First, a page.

The exposure value calculating portion 126 determines according to this discrimination result that there is a boundary between the object and a surrounding portion near the boundary of the two light-metering areas from which a large brightness difference is detected, and gives corresponding weights to the light-metering areas to obtain a weighted average of the brightness values, thereby calculating an exposure value (steps S15, S16, S17, and S18).

For example, when an object almost falls in the area of the field corresponding to the light-metering area A1, as shown in FIG. 16A, the difference in brightness between the light-metering areas A1 and A2 becomes larger than the brightness value 2 EV, and NO is determined in step S12. In this case, in step S15, the exposure value calculating portion 126 performs weighted average processing by multiplying the brightness value B1 of the light-metering area A1 with a large weight, thus obtaining an exposure value Ba given by:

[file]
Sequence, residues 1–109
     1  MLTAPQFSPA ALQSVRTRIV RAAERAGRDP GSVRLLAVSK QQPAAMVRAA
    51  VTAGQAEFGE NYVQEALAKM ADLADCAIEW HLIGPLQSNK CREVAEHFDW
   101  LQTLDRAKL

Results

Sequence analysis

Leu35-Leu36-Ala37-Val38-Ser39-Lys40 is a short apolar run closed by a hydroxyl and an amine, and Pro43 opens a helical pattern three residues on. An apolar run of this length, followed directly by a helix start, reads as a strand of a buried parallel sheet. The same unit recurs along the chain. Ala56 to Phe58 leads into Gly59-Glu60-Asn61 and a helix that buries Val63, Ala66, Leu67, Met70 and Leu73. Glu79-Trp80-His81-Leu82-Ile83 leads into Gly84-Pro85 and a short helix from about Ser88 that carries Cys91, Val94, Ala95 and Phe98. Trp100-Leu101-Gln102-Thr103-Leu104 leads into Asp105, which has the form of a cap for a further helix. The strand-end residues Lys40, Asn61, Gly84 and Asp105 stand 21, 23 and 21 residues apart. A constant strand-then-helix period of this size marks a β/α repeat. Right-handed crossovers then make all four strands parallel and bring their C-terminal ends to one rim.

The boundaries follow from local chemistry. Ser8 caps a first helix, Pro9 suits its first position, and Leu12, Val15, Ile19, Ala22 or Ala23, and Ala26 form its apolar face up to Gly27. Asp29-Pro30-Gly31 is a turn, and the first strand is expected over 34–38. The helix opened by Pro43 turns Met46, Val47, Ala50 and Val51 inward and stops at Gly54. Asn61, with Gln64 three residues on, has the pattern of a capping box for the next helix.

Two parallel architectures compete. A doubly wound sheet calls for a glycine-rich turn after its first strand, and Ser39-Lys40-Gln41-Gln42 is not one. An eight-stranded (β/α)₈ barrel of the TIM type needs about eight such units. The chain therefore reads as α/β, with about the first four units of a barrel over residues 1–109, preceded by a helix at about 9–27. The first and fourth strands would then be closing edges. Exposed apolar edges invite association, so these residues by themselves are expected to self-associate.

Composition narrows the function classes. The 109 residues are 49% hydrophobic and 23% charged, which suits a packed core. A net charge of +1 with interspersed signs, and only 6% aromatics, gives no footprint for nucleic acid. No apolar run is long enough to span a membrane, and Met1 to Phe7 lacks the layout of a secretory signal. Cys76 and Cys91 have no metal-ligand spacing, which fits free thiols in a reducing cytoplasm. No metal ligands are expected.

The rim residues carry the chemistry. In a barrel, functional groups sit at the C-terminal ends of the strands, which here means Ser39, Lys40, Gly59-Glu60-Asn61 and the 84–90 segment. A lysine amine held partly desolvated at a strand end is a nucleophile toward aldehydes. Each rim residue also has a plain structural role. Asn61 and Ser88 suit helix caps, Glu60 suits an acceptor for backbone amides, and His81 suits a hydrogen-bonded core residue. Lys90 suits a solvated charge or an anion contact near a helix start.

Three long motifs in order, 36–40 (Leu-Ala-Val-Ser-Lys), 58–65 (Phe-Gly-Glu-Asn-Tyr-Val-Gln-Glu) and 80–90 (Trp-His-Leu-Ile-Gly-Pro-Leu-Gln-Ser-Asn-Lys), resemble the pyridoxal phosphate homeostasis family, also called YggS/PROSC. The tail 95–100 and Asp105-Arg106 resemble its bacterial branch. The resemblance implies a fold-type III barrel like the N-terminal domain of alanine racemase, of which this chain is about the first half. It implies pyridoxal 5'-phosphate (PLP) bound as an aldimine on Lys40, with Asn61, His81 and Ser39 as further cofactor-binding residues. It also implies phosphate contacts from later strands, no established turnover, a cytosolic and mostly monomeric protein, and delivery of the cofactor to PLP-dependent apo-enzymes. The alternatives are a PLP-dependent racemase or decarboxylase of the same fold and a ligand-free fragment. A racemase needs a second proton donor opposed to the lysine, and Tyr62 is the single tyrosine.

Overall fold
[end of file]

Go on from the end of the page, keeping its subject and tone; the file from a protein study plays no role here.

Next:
Ba=(6B1+B2+B3+B4)/9

When the object extends to the area of the field corresponding to the light-metering area A2, as shown in FIG. 16B, YES is determined in step S12, and NO is then determined in step S13. In this case, in step S16, the exposure value calculating portion 126 performs weighted average processing by multiplying the brightness values B1 and B2 of the light-metering areas A1 and A2 with the same weight, thus obtaining an exposure value Ba given by:

Ba=(3B1+3B2+B3+B4)/8

When the object extends to the area of the field corresponding to the light-metering area A3, as shown in FIG. 16C, YES is determined in step S13, and NO is then determined in step S14. In this case, in step S17, the exposure value calculating portion 126 performs weighted average processing by multiplying the brightness values B1, B2, and B3 of the light-metering areas A1, A2, and A3 with the same weight, thus obtaining an exposure value Ba given by:

Ba=(2B1+2B2+2B3+B4)/7